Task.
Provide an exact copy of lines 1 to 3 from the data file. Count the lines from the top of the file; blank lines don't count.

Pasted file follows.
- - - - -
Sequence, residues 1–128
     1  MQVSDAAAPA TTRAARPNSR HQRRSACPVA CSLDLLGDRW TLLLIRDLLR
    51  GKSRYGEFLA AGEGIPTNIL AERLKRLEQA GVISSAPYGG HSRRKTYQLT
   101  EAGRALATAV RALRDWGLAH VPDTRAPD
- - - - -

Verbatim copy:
Sequence, residues 1–128
     1  MQVSDAAAPA TTRAARPNSR HQRRSACPVA CSLDLLGDRW TLLLIRDLLR
    51  GKSRYGEFLA AGEGIPTNIL AERLKRLEQA GVISSAPYGG HSRRKTYQLT